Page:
Coping With Crisis Fatigue

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Crisis fatigue is a type of burnout that happens when people experience a prolonged crisis event.

While acute stress can be intense and all-consuming, it's also limited in duration. In such cases, we can look at the situation and see an end in sight. Because we know the crisis won't last forever, we can see a way to endure it until it finally passes.

On the other hand, longer-lasting sources of stress can often feel inescapable and unchangeable. Such stressful situations can include natural disasters, terrorist attacks, or financial meltdowns. While these events are generally time-limited, it often doesn't feel that way for the people experiencing them.

Over time, this chronic stress can take a toll on both emotional and physical well-being. Crisis fatigue can manifest as physical exhaustion, mental detachment, and apathy.

What Is Crisis Fatigue?

Crisis fatigue is not a distinct condition recognized in the "Diagnostic and Statistical Manual of Mental Disorders, Fifth Edition" (also known as the DSM-5). Instead, it is a phenomenon that people often experience when faced with a chronic stressor that creates continuous challenges in their life.

The COVID-19 pandemic is an example of ongoing stress that may cause people to experience crisis fatigue. Other situations that can lead to this response include economic disasters, natural disasters, social unrest, racial discrimination, mass shootings, and war.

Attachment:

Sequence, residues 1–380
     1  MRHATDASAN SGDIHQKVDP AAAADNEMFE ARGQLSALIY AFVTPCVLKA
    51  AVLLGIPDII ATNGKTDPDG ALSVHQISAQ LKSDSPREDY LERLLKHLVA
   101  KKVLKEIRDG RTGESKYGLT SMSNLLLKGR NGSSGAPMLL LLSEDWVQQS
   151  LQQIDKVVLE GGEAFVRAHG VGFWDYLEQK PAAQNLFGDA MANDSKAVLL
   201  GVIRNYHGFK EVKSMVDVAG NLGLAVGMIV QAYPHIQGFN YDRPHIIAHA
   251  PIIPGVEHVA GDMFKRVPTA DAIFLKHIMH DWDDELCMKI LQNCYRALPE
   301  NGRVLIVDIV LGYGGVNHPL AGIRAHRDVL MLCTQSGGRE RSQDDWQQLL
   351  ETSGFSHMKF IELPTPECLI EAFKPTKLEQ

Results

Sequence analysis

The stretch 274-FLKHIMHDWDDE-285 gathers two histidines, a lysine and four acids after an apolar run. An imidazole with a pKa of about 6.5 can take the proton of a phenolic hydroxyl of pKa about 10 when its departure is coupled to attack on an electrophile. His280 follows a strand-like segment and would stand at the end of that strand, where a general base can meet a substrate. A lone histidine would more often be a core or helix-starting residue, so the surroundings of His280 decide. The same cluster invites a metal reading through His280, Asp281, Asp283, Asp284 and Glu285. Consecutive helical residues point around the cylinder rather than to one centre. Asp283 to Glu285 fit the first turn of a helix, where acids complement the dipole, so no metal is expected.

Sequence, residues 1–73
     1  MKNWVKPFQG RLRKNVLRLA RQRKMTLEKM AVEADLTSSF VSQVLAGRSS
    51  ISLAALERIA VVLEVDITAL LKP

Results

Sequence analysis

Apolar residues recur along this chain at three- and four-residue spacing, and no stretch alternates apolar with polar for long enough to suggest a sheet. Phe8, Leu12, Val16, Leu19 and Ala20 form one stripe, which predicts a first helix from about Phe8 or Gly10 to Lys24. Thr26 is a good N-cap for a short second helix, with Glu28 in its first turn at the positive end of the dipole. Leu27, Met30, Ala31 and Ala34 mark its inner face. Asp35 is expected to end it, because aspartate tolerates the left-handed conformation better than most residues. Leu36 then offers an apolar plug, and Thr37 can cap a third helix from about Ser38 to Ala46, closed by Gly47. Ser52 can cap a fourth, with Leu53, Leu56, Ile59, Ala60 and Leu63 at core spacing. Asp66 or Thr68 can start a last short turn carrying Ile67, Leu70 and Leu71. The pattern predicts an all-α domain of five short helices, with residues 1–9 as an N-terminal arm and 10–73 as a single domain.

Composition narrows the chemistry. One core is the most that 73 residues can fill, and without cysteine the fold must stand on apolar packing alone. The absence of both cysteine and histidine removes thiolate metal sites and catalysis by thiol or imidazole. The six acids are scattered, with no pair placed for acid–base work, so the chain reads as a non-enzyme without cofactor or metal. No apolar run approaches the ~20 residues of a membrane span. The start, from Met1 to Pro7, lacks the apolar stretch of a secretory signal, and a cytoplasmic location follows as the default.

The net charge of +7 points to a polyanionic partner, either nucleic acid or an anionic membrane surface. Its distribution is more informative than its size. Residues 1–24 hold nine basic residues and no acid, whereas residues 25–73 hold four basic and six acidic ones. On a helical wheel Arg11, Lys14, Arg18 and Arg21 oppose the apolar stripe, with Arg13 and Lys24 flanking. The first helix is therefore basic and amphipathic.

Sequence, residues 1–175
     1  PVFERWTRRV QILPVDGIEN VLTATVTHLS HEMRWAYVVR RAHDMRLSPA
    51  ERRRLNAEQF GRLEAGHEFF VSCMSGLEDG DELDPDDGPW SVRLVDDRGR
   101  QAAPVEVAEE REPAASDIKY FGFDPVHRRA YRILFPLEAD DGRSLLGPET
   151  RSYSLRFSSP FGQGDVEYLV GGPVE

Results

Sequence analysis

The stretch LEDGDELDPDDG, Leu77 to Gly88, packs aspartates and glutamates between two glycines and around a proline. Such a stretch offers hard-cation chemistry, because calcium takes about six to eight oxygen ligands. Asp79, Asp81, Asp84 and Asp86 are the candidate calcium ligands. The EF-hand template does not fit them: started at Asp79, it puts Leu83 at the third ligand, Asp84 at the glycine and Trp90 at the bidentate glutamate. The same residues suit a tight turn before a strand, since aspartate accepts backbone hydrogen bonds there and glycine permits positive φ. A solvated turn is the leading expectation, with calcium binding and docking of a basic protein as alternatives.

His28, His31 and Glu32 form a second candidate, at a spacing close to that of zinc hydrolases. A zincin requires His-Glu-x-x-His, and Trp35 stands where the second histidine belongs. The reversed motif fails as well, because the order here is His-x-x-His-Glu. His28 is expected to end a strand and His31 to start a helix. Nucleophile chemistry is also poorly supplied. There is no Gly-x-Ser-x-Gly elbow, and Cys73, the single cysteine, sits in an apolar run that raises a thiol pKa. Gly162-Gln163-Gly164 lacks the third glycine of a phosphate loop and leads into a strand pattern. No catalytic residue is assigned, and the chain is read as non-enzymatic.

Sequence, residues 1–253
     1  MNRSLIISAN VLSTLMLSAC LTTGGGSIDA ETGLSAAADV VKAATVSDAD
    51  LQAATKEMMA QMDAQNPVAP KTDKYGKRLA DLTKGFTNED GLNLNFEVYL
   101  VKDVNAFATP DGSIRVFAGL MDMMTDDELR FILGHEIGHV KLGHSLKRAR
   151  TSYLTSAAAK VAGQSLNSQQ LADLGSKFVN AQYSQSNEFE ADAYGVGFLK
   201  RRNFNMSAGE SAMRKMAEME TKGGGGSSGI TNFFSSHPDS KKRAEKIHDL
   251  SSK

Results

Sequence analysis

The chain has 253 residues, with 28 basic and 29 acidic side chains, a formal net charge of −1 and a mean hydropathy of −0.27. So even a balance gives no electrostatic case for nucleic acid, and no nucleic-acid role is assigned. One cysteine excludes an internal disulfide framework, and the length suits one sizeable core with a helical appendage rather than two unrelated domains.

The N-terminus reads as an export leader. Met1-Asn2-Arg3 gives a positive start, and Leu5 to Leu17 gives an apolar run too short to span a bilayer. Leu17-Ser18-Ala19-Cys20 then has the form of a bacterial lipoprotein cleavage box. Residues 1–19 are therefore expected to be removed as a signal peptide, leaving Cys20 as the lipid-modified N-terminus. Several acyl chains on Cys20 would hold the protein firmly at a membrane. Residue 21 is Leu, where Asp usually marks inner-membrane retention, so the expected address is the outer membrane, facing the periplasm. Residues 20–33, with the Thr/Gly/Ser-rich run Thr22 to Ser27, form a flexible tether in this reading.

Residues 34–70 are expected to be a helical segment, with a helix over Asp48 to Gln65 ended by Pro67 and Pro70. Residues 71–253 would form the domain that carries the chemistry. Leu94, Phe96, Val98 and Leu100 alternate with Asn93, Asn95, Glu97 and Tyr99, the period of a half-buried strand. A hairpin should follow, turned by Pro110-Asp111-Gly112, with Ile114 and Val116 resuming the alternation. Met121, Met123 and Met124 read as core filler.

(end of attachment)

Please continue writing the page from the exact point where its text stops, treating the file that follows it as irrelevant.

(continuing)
In such situations, there are often immediate effects of the stress (such as being discriminated against, experiencing personal losses, or dealing with violence) and prolonged effects that continue to take a toll even after the initial stressor is no longer present. 

Signs of Crisis Fatigue

Not everyone experiences crisis fatigue in the same way or to the same degree. Some common signs of this type of burnout include:

  • Physical exhaustion may manifest as fatigue, insomnia, or physical illness. Changes in sleep habits, constant physical tension, and loss of appetite can also contribute to low energy levels.
  • Mental detachment can involve feeling numb or disconnected from others or even the events of one's life. People might feel almost like they are passively watching the events of someone else's life rather than living through them as an active participant.
  • Apathy may manifest as a lack of motivation, hopelessness, or cynicism. This sense of apathy doesn't just appear as a lack of concern about the self; people experiencing crisis fatigue may have problems empathizing with others.
  • Physical symptoms can also occur when we face short-term stress. People often experience rapid breathing, racing heartbeat, sweating, trembling, and muscle tension. As chronic stress continues to exert its damaging effects, people often experience other physical signs of stress, including body aches, high blood pressure, digestive problems, or headaches.

Crisis fatigue can also lead to other mental health problems such as anxiety, depression, post-traumatic stress disorder (PTSD), and substance abuse. If you are experiencing crisis fatigue, seeking professional help to manage your symptoms and protect your mental well-being is essential.